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Board Member at QUALCOMM Inc. (QCOM) Buys Shares After Billion-Dollar Apple Inc (APPL) Lawsuit, Plus Other Insider Trading

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The U.S. Securities and Exchange Commission requires all officers and board members of publicly traded companies to disclose any purchases or sales of shares in their own companies. The individuals running a company usually have a competitive edge over non-insiders when it comes to trading their company’s securities, so the investment community should keep a close eye on both insider buying and selling activity.

Information is arguably the greatest commodity in the world and corporate insiders do have a great deal of information about their companies. These highly-informed individuals hold much more up-to-date and useful information with regard to their company’s business than do journalists, analysts or investors. However, it is not just the information advantage that makes insiders successful at trading securities. Their contrarian approach to investing has been the key behind insiders’ investing success. Board members and executives have exposure to the fundamentals of their business every day and can tell with great precision whether their company’s prospects are improving or deteriorating. That said, the following article will discuss several noteworthy insider transactions reported with the SEC during the last trading session of January.

We follow over 700 hedge funds and other institutional investors and by analyzing their quarterly 13F filings, we identify stocks that they are collectively bullish on and develop investment strategies based on this data. One strategy that outperformed the market over the last year involves selecting the 100 best-performing funds and identifying the 30 mid-cap stocks that they are collectively the most bullish on. Over the past year, this strategy generated returns of 18%, topping the 8% gain registered by S&P 500 ETFs.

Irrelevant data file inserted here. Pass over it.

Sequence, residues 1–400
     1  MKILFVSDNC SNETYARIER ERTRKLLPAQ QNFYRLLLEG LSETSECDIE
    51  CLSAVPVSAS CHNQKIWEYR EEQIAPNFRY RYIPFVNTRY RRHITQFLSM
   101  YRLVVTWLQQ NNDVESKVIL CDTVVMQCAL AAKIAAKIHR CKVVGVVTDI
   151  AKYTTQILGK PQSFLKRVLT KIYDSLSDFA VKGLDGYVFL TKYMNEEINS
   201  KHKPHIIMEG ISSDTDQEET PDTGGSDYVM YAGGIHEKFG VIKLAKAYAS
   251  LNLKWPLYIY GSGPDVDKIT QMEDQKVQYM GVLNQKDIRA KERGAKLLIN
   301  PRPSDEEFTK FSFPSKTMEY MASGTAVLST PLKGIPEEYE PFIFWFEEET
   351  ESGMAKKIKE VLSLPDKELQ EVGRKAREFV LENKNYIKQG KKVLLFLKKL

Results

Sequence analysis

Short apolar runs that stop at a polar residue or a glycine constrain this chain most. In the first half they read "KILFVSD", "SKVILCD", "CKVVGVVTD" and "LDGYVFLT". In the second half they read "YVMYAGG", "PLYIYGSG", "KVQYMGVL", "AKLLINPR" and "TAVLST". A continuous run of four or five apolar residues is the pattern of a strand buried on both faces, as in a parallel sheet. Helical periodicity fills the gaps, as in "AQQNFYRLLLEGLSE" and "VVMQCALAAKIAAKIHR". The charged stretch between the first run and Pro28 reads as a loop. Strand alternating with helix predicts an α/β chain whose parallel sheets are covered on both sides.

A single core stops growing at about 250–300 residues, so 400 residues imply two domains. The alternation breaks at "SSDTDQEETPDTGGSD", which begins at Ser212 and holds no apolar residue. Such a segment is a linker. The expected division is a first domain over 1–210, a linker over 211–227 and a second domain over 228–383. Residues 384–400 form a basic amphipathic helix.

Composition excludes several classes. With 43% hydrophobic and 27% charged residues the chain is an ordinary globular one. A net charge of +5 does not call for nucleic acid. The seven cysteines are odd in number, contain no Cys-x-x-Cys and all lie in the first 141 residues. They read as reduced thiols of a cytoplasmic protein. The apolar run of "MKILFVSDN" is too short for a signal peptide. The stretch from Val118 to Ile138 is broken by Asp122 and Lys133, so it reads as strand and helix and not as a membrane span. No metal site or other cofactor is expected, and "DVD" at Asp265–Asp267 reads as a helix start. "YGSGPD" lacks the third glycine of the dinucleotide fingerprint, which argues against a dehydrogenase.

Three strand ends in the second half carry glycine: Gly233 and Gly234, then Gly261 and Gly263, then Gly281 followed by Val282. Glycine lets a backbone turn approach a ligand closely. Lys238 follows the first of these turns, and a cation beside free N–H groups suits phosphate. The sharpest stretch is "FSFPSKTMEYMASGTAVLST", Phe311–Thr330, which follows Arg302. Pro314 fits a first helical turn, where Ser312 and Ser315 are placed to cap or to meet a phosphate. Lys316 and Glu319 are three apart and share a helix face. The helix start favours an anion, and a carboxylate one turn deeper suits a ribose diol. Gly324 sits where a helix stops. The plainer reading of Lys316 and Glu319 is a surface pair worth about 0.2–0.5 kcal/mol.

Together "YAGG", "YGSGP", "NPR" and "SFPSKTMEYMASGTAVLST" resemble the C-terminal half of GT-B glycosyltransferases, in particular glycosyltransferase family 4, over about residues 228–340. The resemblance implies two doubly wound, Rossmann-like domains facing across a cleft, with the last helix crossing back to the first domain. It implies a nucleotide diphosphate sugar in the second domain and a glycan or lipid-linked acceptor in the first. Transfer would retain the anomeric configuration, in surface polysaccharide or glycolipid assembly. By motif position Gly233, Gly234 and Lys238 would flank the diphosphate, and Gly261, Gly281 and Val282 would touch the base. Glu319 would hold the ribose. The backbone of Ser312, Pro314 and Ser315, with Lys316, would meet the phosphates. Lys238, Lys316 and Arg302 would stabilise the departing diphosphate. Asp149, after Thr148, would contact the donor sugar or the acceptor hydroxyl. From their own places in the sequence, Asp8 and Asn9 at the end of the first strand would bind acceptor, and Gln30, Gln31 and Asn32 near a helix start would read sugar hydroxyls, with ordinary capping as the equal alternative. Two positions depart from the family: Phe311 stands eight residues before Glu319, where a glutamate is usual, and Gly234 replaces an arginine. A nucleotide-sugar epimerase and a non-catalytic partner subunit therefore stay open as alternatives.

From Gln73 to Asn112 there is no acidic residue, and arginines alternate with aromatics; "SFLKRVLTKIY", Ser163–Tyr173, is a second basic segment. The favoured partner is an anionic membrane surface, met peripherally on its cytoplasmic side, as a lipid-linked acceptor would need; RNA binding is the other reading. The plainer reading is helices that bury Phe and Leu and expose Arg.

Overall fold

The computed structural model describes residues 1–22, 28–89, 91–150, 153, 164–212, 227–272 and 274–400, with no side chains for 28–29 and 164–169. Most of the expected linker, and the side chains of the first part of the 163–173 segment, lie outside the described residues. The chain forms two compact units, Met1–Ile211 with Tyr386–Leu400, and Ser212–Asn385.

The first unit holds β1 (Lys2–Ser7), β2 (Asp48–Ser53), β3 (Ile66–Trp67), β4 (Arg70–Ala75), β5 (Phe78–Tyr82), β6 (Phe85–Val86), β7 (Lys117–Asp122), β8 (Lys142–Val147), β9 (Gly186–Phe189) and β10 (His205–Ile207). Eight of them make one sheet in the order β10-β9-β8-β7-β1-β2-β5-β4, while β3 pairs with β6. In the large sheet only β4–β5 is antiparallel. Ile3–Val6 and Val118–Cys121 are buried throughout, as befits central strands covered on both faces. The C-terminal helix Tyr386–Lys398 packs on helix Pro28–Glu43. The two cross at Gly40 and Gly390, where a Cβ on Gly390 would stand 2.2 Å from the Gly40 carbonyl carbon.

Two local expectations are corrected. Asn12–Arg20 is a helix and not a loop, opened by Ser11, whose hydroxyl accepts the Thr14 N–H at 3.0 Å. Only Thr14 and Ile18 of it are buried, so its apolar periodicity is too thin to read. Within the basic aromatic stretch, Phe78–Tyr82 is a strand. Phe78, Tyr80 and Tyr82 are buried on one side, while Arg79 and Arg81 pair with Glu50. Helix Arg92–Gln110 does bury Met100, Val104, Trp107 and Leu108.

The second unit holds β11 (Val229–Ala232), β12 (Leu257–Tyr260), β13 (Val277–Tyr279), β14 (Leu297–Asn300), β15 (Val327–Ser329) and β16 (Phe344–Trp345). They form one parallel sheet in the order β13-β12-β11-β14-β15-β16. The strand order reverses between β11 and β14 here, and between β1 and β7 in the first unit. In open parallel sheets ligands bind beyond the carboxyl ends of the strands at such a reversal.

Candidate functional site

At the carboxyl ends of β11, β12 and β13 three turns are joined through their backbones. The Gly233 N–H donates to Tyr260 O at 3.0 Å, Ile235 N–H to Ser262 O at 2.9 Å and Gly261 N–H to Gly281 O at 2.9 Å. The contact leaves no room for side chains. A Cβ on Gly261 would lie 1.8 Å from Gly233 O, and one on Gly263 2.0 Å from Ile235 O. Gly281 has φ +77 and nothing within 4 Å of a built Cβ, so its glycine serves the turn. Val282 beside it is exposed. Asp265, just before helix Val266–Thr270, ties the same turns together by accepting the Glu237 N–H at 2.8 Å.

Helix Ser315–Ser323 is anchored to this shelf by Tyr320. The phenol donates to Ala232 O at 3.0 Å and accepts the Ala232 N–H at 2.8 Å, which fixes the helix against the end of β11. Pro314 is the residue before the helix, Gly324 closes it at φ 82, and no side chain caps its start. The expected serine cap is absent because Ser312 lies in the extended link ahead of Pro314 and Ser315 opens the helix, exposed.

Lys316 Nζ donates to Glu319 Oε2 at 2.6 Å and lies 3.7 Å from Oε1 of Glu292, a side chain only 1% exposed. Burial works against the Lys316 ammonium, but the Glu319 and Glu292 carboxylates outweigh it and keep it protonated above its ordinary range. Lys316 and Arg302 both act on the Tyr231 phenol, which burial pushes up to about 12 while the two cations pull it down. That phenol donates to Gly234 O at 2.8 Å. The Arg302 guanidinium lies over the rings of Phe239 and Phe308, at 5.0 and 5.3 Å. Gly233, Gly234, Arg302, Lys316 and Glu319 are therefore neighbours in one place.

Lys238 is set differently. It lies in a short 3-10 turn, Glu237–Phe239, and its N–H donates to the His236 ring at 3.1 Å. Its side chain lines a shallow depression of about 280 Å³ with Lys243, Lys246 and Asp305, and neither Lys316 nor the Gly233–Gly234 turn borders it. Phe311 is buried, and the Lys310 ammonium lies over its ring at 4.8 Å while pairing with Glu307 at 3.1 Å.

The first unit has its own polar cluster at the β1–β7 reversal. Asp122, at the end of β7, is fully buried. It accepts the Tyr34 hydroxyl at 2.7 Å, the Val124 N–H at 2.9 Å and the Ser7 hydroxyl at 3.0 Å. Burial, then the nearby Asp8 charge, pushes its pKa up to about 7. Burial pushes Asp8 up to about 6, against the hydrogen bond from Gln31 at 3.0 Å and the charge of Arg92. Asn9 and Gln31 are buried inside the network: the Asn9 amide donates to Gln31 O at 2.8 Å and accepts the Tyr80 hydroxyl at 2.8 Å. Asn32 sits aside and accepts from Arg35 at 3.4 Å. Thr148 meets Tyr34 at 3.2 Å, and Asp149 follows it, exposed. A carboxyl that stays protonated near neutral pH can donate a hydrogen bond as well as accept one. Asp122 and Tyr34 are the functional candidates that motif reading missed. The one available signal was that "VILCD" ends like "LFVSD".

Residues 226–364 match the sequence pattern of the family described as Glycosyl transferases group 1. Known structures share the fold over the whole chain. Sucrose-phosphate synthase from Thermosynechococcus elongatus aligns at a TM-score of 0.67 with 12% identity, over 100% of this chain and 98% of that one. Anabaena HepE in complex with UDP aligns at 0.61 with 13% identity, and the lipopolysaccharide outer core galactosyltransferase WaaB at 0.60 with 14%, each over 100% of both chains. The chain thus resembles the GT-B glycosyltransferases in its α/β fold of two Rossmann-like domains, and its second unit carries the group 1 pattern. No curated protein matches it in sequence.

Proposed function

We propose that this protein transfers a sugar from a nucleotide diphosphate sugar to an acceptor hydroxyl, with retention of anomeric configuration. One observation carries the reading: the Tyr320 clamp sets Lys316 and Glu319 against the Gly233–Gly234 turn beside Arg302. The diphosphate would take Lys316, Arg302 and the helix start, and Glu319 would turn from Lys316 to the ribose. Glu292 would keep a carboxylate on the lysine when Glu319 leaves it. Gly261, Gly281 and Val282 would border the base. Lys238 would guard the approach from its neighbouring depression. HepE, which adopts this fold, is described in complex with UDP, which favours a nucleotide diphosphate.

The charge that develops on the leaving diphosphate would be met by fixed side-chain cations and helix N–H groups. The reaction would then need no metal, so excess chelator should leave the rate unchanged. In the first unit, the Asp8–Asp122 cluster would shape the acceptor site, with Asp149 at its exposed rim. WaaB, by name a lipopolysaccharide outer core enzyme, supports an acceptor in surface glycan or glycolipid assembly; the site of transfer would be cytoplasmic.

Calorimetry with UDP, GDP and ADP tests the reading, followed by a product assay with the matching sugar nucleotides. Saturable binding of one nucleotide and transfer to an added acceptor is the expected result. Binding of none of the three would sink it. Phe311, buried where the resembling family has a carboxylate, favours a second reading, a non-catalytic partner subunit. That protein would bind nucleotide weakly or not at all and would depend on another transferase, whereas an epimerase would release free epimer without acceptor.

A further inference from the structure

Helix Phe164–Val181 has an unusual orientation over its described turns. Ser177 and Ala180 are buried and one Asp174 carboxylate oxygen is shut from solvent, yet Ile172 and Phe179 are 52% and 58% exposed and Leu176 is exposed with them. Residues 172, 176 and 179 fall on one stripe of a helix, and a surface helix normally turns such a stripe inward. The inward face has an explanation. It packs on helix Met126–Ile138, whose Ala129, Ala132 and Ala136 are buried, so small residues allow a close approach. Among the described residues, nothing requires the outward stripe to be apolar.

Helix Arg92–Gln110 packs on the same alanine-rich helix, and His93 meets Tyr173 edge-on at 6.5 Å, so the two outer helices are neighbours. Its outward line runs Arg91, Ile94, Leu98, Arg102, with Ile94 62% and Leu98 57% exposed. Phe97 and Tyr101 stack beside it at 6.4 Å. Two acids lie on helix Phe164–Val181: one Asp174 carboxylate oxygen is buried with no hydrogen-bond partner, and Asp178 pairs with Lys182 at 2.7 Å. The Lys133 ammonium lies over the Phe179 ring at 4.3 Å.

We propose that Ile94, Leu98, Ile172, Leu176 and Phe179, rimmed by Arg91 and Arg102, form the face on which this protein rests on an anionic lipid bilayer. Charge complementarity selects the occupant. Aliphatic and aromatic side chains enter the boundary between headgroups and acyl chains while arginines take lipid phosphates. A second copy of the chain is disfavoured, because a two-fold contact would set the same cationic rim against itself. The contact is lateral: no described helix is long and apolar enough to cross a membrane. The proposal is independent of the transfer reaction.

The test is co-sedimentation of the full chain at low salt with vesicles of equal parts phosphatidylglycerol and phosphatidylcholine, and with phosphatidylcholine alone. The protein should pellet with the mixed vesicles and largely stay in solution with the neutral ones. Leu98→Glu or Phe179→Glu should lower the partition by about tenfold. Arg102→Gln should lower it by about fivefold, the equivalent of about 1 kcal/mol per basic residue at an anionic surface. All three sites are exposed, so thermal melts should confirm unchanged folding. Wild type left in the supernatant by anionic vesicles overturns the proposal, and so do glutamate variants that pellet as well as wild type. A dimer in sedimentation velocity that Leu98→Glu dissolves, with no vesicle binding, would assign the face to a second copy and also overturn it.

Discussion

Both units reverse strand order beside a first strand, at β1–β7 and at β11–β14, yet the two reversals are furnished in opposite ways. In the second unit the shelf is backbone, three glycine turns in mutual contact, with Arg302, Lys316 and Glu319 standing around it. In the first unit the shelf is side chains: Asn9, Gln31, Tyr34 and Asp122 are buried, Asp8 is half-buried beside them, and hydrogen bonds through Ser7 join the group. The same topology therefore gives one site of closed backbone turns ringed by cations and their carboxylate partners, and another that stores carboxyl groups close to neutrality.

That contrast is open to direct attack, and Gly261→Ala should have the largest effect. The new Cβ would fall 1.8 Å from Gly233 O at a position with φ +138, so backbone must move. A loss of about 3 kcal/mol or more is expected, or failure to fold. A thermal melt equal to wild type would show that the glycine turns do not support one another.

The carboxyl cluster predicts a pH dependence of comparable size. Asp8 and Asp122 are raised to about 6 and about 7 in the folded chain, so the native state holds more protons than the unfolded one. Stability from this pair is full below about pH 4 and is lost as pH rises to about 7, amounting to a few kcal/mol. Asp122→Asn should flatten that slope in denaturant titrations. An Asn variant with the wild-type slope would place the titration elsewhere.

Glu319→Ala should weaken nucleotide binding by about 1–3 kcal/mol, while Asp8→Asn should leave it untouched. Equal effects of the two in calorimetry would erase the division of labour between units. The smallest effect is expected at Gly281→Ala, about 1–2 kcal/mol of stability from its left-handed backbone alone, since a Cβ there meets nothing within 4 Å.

Billion Photos/Shutterstock.com

Billion Photos/Shutterstock.com

Board Member of F.N.B. Buys Shares Ahead of Merger Completion

To start with, one member of F.N.B. Corp (NYSE:FNB)’s Board of Directors purchased a few shares this week amid a period of seemingly low insider buying activity. Board member Laura E. Ellsworth bought 2,000 shares on Tuesday at a price tag of $14.84 each. The purchase lifted Ms. Ellsworth’s ownership to 26,834 shares.

In July 2016, the diversified financial services company agreed to buy Yadkin Financial Corp (NYSE:YDKN) in an all-stock transaction valued at around $1.3 billion. The soon-to-be combined company will have assets of almost $30 billion, as well as more than 400 banking offices throughout Pennsylvania, Ohio, Maryland, West Virginia, North Carolina and South Carolina. According to F.N.B. Corp (NYSE:FNB)’s management, the acquisition of the North Carolina-based bank holding company and parent of Yadkin Bank is on track to close in the first quarter, while merger-related expenses “track in line with original expectations.” The company’s management also added that they have formulated a clear strategy to achieve targeted cost savings of 25%. The shares of F.N.B. have gained 26% in the past year. Ken Griffin’s Citadel Advisors was the equity holder of 2.33 million shares of F.N.B. Corp (NYSE:FNB) at the end of the third quarter.

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The next page of this insider trading article discusses the buying activity observed at one company and the insider selling at another.

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